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VoIP

Go vs Node

What is a non-programmer to do when choosing a language for an API?

I’m not a programmer. Never tried to pass myself off as one — which made for a really, really awkward interview once… but that’s another story.

Anyway, I’ve been creating “APIs” in Perl for a while using Perl CGI on NGINX. It’s not a REST API whatsoever, but I enjoy scripting in Perl and (1) got the job done, (2) was fast, and (3) no learning curve.

As I’m moving towards furnishing data with information from an API, it became apparent that I should probably make a real REST API. So then the question became… Node.js or Go? (Or for that matter something else)…

So, I looked hard at Node.js since it’s been around for a long time and also is used by many people and projects that I know. I also looked hard at Go and was really impressed with the speed and ability to compile the source to an executable. Go, like Node.js, is also used by many projects and people that I know.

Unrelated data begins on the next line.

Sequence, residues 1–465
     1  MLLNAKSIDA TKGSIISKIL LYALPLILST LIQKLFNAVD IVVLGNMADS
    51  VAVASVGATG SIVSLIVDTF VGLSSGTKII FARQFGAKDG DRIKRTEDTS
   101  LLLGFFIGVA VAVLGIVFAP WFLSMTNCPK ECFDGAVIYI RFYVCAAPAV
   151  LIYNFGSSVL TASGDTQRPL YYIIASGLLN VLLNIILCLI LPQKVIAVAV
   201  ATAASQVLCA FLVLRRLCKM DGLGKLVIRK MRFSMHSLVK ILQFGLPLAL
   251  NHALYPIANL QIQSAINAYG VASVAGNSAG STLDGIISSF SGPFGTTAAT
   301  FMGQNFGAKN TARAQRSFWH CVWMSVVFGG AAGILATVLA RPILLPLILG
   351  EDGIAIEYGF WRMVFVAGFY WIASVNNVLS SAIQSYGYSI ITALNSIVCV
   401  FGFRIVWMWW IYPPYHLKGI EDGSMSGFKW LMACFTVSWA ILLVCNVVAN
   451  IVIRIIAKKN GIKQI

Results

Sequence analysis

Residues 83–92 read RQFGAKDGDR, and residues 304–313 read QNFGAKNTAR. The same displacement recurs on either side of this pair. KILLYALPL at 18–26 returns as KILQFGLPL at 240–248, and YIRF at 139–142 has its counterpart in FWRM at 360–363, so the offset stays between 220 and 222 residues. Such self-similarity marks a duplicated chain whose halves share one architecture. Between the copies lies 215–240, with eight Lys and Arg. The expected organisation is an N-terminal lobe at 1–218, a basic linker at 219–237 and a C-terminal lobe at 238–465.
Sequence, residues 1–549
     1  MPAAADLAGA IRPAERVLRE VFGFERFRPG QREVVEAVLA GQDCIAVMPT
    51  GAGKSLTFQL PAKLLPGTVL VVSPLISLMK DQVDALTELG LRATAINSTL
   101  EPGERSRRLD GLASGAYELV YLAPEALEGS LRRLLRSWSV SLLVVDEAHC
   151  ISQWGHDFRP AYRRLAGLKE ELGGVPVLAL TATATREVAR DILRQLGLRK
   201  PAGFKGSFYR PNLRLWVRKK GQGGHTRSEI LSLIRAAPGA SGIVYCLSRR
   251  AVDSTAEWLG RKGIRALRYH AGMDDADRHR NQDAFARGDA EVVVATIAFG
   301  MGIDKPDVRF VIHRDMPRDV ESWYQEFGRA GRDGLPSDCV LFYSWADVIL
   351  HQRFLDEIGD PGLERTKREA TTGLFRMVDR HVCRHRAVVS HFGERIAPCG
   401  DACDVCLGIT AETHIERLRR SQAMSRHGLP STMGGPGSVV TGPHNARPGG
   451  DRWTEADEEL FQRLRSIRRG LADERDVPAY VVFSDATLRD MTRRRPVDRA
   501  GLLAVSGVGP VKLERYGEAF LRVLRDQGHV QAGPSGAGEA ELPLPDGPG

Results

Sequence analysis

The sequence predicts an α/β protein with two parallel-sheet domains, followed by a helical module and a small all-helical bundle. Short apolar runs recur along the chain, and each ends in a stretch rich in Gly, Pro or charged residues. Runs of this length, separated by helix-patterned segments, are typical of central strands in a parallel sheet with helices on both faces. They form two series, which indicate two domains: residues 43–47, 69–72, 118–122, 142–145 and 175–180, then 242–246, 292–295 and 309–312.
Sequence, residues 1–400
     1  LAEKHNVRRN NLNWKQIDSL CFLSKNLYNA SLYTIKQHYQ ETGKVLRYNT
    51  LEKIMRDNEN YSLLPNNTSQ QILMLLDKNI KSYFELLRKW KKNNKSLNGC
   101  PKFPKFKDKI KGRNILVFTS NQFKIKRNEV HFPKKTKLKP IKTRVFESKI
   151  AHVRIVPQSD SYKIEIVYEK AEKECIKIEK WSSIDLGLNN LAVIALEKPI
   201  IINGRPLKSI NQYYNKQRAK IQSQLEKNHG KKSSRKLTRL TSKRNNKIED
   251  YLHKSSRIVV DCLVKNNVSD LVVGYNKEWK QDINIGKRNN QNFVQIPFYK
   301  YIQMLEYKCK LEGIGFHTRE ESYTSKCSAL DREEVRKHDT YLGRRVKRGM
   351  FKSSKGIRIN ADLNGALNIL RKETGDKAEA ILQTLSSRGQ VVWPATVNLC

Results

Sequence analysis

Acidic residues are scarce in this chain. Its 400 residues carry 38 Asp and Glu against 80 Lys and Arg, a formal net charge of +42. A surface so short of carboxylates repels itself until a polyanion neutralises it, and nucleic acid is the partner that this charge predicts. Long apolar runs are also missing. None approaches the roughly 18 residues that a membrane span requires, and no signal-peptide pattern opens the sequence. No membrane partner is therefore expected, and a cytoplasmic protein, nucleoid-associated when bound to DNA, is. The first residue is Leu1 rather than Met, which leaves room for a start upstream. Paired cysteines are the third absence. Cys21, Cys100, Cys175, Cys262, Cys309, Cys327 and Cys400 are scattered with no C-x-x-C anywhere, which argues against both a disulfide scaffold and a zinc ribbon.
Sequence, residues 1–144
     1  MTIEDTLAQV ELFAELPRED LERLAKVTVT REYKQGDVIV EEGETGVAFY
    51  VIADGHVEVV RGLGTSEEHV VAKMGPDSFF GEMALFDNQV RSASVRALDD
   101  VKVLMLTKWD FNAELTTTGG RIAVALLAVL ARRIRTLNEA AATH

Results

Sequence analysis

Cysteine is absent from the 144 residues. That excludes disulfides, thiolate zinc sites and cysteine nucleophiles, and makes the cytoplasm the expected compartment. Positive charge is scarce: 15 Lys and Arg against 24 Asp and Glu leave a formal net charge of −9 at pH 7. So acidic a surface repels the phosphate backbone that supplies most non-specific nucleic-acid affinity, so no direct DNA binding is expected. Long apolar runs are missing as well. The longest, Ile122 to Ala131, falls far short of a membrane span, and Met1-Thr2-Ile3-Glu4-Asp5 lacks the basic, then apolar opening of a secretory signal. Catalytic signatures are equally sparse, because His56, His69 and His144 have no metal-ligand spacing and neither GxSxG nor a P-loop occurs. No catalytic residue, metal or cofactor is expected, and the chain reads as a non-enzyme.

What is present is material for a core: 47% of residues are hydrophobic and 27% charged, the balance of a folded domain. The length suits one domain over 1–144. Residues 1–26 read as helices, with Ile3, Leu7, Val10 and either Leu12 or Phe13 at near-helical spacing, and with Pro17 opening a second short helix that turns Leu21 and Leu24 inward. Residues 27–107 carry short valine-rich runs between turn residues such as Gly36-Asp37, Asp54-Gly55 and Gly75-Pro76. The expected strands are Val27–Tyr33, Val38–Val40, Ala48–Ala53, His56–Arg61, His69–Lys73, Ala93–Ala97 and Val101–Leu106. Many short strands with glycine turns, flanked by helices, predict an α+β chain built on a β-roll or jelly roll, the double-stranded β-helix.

Since I didn’t know either language/platform, I figured the learning curve would be the same.

What I didn’t like about Go was the ridiculous size of the executable. For example, a simple Hello World app with 5 lines compiled to a horrendous 2MB. Granted in today’s world, 2MB is nothing of interest, but still seems ridiculous to me.

So with that, I actually started thinking that maybe C was the way to go; especially since the most common software I use is written in C…

But then that’s where the whole “not a programmer” thing comes back to… To do the types of tasks I need done in C, I’d have to spend a considerable amount of time learning how to be a programmer; whereas with something like Go, I can grab a package and just “use” it (which explains the trade-off with the compilation size).

Anyway… I don’t think there’s a wrong answer here. I’ve started with Go and will update things on Github as life progresses…

By Fred Posner

Fred Posner provides VoIP consulting services through The Palner Group and LOD.com. In 2010, Fred and his wife, Yeni Monroy, opened Bearkery, in Gainesville, Florida. Contact Fred at qxork.com. Even better, make Yeni happy and buy a cookie!

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